As the country shifts towards a renewables future, Newcastle is poised to be at the forefront of that transition.
Initiatives such as City of Newcastle’s Climate Action Plan and five-megawatt Solar Farm at Summerhill Waste Management Centre, The Port of Newcastle’s ambitious Green Hydrogen Hub project, and the city’s inclusion in the State Government’s proposed Hunter-Central Coast Renewable Energy Zone (REZ) are helping to make this vision a reality.
The idea of a REZ is to cluster wind and solar power generation into locations where it can be efficiently stored and transmitted across NSW.
So far, five zones have been identified across NSW – Central-West Orana, New England, South-West, Illawarra, and Hunter-Central Coast.
The Hunter-Central Coast region was chosen due to its ample renewable energy resources, such as offshore wind, existing power stations, port and transport infrastructure, and rehabilitated mining land.
It is anticipated these REZs will help drive down wholesale electricity costs as well as lowering customer bills through increased competition, supporting new local jobs and innovative business opportunities, and lowering carbon emissions through a greater mix of renewable energy delivered to the National Energy Market.
After the State Government announced the Registration of Interest (ROI) phase in December 2021, it was inundated with interest from more than 80 new wind, solar and storage projects wanting to participate in the Hunter-Central Coast REZ.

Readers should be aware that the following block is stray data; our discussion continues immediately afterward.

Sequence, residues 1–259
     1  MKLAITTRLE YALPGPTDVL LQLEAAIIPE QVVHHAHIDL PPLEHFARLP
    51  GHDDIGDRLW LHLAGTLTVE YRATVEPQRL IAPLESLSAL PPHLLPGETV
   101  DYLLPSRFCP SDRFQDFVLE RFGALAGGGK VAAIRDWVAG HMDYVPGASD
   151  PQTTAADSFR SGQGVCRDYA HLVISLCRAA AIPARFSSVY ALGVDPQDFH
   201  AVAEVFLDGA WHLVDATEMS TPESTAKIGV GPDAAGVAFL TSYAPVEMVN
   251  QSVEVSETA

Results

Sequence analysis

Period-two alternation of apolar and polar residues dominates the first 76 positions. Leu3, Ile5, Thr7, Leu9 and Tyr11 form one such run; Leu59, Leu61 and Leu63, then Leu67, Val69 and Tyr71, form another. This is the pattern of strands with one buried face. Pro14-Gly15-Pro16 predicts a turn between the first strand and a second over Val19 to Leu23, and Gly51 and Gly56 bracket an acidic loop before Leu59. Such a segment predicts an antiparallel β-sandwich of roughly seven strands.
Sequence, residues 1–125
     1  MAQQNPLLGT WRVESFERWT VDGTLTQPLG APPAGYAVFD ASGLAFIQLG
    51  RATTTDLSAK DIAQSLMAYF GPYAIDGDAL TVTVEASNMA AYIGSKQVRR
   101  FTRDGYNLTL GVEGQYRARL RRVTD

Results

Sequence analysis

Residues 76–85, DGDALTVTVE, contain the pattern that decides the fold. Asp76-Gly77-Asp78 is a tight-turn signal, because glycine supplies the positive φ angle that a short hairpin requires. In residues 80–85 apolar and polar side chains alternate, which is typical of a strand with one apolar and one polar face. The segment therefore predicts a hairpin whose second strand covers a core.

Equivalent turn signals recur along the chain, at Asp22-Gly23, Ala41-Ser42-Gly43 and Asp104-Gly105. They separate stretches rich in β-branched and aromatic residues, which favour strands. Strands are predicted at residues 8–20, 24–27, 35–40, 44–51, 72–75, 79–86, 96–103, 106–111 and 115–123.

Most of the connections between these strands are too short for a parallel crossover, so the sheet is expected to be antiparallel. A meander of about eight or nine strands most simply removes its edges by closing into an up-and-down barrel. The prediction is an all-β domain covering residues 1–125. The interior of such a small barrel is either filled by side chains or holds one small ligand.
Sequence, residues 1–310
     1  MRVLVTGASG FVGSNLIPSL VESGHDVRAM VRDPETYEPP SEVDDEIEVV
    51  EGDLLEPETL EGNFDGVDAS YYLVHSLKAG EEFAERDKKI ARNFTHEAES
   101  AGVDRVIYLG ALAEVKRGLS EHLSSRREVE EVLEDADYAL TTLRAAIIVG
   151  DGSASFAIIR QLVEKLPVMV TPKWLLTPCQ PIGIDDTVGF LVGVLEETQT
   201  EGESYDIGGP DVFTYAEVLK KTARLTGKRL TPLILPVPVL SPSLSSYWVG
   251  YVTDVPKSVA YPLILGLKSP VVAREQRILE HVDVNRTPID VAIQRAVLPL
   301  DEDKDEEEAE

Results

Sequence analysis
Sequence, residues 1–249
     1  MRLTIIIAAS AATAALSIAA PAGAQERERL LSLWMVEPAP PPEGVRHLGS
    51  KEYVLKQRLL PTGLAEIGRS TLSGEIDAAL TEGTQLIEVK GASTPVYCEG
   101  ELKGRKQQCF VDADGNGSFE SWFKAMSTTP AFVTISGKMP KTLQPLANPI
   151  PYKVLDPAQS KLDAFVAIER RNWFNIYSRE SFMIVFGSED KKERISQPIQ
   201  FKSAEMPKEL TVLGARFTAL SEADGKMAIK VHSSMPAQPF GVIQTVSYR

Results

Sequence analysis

Combined, these projects have the potential to deliver more than 100,000 gigawatt hours of renewable energy a year, which is equivalent to the annual output of 10 coal-fired power stations, as well as injecting $100 billion of potential investment into the region.
“These results show that energy investors see the Hunter and Central Coast as some of the best investment destinations in the country, which will translate into jobs and prosperity for the region,” NSW Treasurer and Energy Minister Matt Kean said.
“Renewable Energy Zones are vital to ensuring the future reliability and affordability of electricity in NSW as traditional coal-fired power stations close down over the coming decades.”
Member for the Upper Hunter, Dave Layzell echoed the sentiment adding the region was an ideal location for a Renewable Energy Zone.
“The Hunter-Central Coast region is the perfect location for a new REZ as it has good renewable energy sources, access to transmission, transport and port infrastructure, and most importantly, a highly skilled workforce,” he said.
A draft declaration – the first step in formalising the REZ under the Electricity Infrastructure Investment Act 2020 – went on public display in September 2022 which Business Hunter CEO Bob Hawes said, at the time, was a positive step for the region.
“For business and industry, what’s important is access to firmed, reliable, and affordable energy so they can get on with their core business. Uncertainty increases vulnerability to energy price shocks, which is putting immense pressure on businesses and the community,” he said.
“We are pleased to see that the Government has reached this next milestone in proactively planning a pathway to a new energy future in the Hunter.”
Click here for more information and updates on the Hunter-Central Coast Renewable Energy Zone.